Posts Tagged ‘eyeglasses’

A lens is a lens is a lens — Or is it?

Choosing lensesIt’s time to get new glasses, and you’ve got the frames all picked out—but what about the lenses? Remember, the purpose of the glasses frame is to hold the lenses. Put mediocre lenses in a nice frame, and you might look good, but you won’t see well.

At the Emory Optical Center, we’ll make sure you look great and see well. Our eyewear experts have extensive experience crafting custom lenses that address a variety of visual challenges, from simple near and far sightedness to presbyopia to advanced macular degeneration. In fact, ophthalmologists from all over the Atlanta area send patients to us, knowing their prescriptions will be done right.

If you wear progressive lenses, you’re probably aware that multifocal lenses have come a long way over the past decade. Long gone are the lines in the lens that identified bifocal wearers in the past. New progressive lenses feature a seamless design and can address multiple vision impairments.

One of most exciting technological advancements in lenses is the freeform manufacturing process, which uses precision software to cut multiple curves on both the front and the back of a lens according to the patient’s unique prescription. This results in a highly effective lens that dramatically increases the wearer’s peripheral field of view. The free-form process is different from the traditional lens process, in which the prescription is cut into one side of semi-finished lens blanks.

Who might benefit from a free-form lens? A good example is a patient with macular degeneration who needs a high-power, versatile progressive lens. In this case, we can create a mixed front-side, back-side bifocal that gives an extremely high power for intermediate vision as well as an extremely high bifocal for reading.

At the Emory Optical Center, we offer four tiers of progressive lenses, from a basic design to the latest free-form technology. Whether you see an Emory ophthalmologist or bring your prescription in from elsewhere, we’ll put you in the lens that best suits your visual needs and price point.

Have you recently purchased glasses, or are you about to? We’d like to hear about your experience. Please take a moment to give us feedback in the comments section below.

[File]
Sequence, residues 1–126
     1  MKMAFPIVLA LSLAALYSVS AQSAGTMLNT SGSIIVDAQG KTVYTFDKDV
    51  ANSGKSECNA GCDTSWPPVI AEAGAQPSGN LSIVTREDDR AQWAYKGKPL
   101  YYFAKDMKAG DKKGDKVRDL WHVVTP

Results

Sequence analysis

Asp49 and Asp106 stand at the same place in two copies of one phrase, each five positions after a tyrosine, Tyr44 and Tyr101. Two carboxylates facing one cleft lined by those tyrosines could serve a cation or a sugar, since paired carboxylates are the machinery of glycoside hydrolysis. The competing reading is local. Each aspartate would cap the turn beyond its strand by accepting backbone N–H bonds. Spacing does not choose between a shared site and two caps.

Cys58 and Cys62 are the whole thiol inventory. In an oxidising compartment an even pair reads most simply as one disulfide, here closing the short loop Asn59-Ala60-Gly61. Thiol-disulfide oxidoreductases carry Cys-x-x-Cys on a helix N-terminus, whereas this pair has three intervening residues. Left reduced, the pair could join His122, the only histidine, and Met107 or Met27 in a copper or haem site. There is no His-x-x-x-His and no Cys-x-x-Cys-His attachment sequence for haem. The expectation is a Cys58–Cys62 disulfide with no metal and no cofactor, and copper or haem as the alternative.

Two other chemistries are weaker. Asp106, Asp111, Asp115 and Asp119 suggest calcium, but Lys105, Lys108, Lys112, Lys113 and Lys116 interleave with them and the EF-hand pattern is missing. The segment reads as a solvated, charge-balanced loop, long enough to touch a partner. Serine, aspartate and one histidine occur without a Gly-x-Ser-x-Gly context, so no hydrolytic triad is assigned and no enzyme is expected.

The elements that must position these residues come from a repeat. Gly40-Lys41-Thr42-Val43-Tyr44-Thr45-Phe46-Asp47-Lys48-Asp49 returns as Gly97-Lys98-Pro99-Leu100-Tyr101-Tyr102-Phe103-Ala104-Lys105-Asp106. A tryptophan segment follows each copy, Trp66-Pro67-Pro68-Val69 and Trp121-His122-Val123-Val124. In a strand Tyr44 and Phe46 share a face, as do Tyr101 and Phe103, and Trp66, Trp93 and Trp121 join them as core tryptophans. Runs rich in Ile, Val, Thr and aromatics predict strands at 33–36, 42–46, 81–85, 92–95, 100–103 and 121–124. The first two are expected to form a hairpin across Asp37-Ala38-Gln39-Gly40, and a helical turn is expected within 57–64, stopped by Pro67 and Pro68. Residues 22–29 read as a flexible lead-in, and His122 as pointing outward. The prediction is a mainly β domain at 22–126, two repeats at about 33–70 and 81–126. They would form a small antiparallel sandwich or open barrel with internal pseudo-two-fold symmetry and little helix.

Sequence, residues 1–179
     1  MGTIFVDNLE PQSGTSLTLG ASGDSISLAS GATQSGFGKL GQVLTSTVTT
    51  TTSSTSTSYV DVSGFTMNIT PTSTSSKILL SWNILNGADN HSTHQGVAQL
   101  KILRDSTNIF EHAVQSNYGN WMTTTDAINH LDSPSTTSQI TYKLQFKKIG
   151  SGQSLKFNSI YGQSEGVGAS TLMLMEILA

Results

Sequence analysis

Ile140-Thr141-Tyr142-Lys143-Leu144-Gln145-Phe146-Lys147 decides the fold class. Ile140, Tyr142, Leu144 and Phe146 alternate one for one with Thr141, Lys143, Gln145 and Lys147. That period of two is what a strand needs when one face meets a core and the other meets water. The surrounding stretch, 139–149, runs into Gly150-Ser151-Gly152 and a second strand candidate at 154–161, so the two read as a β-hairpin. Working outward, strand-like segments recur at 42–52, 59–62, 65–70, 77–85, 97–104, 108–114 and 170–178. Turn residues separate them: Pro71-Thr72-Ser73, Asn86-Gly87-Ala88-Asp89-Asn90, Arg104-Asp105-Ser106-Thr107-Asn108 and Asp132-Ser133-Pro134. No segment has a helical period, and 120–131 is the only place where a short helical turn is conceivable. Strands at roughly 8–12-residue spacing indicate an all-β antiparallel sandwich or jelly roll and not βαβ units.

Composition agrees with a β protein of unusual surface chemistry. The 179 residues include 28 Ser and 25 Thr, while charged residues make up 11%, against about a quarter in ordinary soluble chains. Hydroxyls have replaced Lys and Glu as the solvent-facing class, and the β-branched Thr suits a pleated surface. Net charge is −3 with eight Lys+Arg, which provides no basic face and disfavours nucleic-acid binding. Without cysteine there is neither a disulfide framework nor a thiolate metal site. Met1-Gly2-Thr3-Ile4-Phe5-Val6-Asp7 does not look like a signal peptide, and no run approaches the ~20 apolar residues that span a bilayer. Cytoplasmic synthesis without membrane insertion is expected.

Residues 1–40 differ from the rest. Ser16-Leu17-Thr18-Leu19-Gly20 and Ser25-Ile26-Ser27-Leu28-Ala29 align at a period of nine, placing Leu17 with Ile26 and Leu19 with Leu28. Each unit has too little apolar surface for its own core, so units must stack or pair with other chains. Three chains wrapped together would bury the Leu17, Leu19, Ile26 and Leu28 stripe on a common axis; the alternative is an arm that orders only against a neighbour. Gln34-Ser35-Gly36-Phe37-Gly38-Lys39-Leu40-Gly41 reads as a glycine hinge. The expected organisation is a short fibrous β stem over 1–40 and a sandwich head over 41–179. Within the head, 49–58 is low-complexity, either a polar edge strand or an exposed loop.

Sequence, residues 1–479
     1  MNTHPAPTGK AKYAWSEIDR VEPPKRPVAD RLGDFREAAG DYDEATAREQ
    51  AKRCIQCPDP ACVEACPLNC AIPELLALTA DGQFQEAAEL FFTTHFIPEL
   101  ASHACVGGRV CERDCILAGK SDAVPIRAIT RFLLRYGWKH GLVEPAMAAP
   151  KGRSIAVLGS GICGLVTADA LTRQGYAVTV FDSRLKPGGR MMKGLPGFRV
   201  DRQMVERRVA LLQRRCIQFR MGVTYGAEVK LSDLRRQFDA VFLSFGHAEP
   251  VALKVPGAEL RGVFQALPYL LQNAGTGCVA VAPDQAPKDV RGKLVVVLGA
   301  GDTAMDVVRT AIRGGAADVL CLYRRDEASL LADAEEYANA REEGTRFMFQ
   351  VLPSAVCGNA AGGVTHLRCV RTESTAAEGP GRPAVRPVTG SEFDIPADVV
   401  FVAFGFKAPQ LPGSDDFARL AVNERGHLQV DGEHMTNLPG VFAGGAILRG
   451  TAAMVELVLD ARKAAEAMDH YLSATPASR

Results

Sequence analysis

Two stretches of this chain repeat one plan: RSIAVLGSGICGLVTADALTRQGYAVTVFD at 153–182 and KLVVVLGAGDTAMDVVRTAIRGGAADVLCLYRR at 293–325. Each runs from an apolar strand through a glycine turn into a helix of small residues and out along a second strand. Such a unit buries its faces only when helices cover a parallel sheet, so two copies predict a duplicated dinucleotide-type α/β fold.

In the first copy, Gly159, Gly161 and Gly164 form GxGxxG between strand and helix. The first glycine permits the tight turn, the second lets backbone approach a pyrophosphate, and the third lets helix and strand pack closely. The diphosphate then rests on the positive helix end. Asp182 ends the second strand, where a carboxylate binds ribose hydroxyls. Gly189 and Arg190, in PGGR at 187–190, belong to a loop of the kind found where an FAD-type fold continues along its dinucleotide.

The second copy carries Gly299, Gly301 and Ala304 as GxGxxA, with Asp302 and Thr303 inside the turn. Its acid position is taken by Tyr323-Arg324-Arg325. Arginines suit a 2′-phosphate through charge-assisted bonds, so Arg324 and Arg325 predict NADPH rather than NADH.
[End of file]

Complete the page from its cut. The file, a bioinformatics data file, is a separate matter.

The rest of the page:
About Brad Baird:
Brad Baird is the administrative consultant within Ophthalmology. Brad and the rest of the talented Optical Center team have been helping patients get the perfect fit for a combined total of more than 125 years.

Choosing the Right Pair of Glasses—More Art than Science

Choosing the right glasses and framesHave you ever wondered how to choose the right style of eye glasses? One of the most rewarding things we do here at the Emory Optical Center is to help people find glasses that look great on them. But how do you pick from all the choices available?

When you’ve been in the business for a long time, as we have, you can look at a face and know what will work. Some very basic guidelines are…

  • Round faces shouldn’t wear round glasses
  • A pear-shaped face is going to need a little accent on the top of the frames
  • A narrow face is more suited for round glasses (think John Lennon)

That said, fitting a frame to a face is not an exact science. There are other nuances, including subtle feature differences and coloring. And while the frame is key, lens shape can make a difference, too. If you’d like to hide a less-than-perfect feature like under-eye hollows or uneven eyebrows, different lens shapes can help mask those.

When we first sit down with you at the Emory Optical Center, we’ll ask what type of frame you have in mind. What we’ve found is that people often want a look they’ve seen on a celebrity, and often, that isn’t going to work for them. I’ll show you how the style you’re thinking of looks on you—you may be one of those people who look great in anything. But I’ll also be honest in pointing out any downsides, and, if you’re open to suggestions, we’ll find something that truly complements your facial structure.

If you’re not sure what type of glasses you want and you’re open to trying something new, we can really have some fun. A good optician can help you think outside the box when picking your frames. We’ll help you take a risk and try on glasses that are a bright color, maybe a little funky, or simply unique.

Sometimes chain optical stores recommend their customers buy the most expensive frames and lenses. At the Emory Optical Center, our goal is to make you look good and feel good (and see well, of course). If your glasses aren’t the right fit or shape, they are useless to you. We’ll work together to find the perfect fit.

Come see us at one of our two Emory Optical Center locations, at The Emory Clinic, Building B, 1365B Clifton Road, N.E., or on the 9th floor of the Medical Office Towers, 550 Peachtree Street.

Had a great experience or tips that you’d like to share about finding the perfect frames? Please take a moment to give us feedback in the comments section below. You’ll make our day.

About Brad Baird:

Brad Baird is the administrative consultant within Ophthalmology. Brad and the rest of the talented Optical Center team have been helping patients get the perfect fit for a combined total of more than 125 years.

Emory Optical Center Locations:

The Emory Clinic, Building B
1st floor, 1365B Clifton Road, NE Atlanta, Georgia 30322
Optical Center: 404-778-4226
Hours: 8:00 AM – 5:30 PM
Appointments for Eye Exams:
404-778-2020; 404-778-5000 (after office hours)

Medical Office Tower, Emory University Hospital Midtown
(formerly Crawford Long Hospital)
9th floor, 550 Peachtree Street, NE
Optical Center: 404-686-8714
Hours: 9 AM - 5 PM
Appointments for Eye Exams:
404-778-2020; 404-778-5000 (after office hours)